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So this is your free-speech martyr? Gary Lineker?

His defenders do not have a leg to stand on when it comes to freedom of speech.

Tom Slater

Tom Slater
Editor

Topics Brexit Free Speech Politics Sport UK

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It’s like waking up in a parallel universe. Suddenly, Britain’s metropolitan elites seem to care deeply about freedom of speech. Having spent years calling cancel culture a myth, and calling free speech ‘freeze peach’ for some peculiar reason, they’ve now all rushed to the barricades. What was the turning point? What made the scales fall from their eyes? Was it that autistic boy in Wakefield being sent death threats for committing ‘blasphemy’? Was it the scores of gender-critical women sacked and shamed for believing in biological sex? No, it was the BBC’s decision to temporarily suspend Gary Lineker, alleging he breached impartiality rules when he took to Twitter to compare the Tory government’s Illegal Migration Bill with something out of Nazi Germany.

The liberal-elite response to the news last night, that Lineker is to ‘step back from presenting Match of the Day until an agreement is reached on his social-media use’, was swift and furious. Former New Labour spinner and war propagandist Alastair Campbell – gainfully employed, we might add, by Lineker’s podcast network – stuck with the Nazi theme as he gave his take to BBC News last night: ‘There’s a great quote that comes from 1930s Germany… Never be a bystander.’ Elsewhere, all the usual Remoaner suspects spoke wildly of a right-wing coup at the BBC leading to the toppling of this beloved, morally unimpeachable football pundit.

That they’ve all picked this as their big free-speech battle is telling. First, it’s a classic case of ‘me speech’ rather than free speech. They’re rushing to defend Lineker purely on the basis that they happen to agree with him – because they, too, are dumb and deranged enough to think that Suella Braverman is basically Joseph Goebbels. This is not how free speech works. Second, they’ve managed to pick as their big free-speech test case a case that isn’t really about free speech at all. Not least because Lineker hasn’t actually been sacked yet, but mainly because this all comes down to the issue of BBC impartiality, what that means in the social-media age, and who it should apply to. Specifically, whether or not someone so synonymous with the BBC – indeed, its highest-paid on-screen star – should be free to make outrageous comments in his own time. Or whether, as a sports pundit and a freelancer rather than a staffer covering current affairs, he is exempt.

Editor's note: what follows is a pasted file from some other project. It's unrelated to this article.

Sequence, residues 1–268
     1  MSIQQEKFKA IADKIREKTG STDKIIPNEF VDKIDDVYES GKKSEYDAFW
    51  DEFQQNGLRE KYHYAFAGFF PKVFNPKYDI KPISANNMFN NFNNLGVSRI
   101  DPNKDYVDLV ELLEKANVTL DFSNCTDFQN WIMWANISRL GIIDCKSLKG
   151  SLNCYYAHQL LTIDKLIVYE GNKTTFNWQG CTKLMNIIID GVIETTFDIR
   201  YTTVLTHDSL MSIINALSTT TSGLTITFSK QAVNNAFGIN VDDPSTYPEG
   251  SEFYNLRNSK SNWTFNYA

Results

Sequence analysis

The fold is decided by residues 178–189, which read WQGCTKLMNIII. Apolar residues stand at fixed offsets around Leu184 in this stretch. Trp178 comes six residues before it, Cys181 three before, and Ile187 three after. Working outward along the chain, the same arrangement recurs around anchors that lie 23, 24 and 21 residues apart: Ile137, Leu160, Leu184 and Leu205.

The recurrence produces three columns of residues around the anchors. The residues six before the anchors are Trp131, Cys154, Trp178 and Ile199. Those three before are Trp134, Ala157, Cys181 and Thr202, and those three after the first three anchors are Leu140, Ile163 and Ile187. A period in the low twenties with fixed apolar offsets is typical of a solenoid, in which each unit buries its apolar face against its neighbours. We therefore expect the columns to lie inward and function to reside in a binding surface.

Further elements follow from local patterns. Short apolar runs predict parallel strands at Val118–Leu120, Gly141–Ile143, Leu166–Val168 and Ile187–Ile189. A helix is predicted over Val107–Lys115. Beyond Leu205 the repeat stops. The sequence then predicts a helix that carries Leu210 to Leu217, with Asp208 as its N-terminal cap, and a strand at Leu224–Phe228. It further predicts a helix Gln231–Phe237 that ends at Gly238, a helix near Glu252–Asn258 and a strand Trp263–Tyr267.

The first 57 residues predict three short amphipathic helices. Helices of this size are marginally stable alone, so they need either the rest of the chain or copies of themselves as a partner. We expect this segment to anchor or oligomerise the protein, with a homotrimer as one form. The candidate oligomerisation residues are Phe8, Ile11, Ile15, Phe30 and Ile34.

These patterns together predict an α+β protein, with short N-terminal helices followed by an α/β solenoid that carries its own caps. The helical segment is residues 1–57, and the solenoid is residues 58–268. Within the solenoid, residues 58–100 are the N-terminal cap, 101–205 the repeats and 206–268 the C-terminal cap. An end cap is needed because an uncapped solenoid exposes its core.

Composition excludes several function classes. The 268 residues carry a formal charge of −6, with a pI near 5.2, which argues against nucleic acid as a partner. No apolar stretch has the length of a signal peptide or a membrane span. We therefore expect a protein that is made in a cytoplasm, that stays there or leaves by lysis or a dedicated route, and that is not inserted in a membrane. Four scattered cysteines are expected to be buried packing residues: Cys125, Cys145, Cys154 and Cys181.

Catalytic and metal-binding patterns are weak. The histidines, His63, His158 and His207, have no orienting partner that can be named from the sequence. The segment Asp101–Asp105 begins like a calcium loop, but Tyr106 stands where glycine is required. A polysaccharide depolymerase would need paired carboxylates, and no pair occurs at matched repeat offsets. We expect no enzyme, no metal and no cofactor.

For what it’s worth, even though his comments were genuinely grotesque, I don’t want him to be sacked for them. For the same reason I don’t think Jeremy Clarkson, once a big BBC export, should have been banned from being Jeremy Clarkson during his time at the corporation. Nor do I think Graham Norton should have his contract ripped up because he recently had a pop at JK Rowling. I don’t see why BBC impartiality should necessarily have to mean even sports and entertainment stars not being able to say dumb things on social media. The guidelines – as it happens – seem to say completely contradictory things on this matter. At the very least, the BBC should be consistent in how it applies them.

But nor do I think this is a case of cancel culture, as people who don’t actually believe in cancel culture are currently saying. Cancel culture is usually about institutions punishing people for having the ‘wrong’ opinions, as dictated by the great and good. This is a case of Gary Lineker being punished – potentially – for holding the ‘right’ opinions, as dictated by the great and good. Indeed, he has become such a thorn in the side of BBC management – reportedly, he has been testing their patience with his Twitter virtue-signalling for some time now – because he has become a symbol, a totem, a constant reminder to the public of what the BBC has become: a national broadcaster that only represents a sliver of the nation. That sliver being the hysterical chattering classes who loathe Brexit, loathe the Tories, loathe ordinary people for voting for them, and who share a peculiar grasp of mid-20th-century history.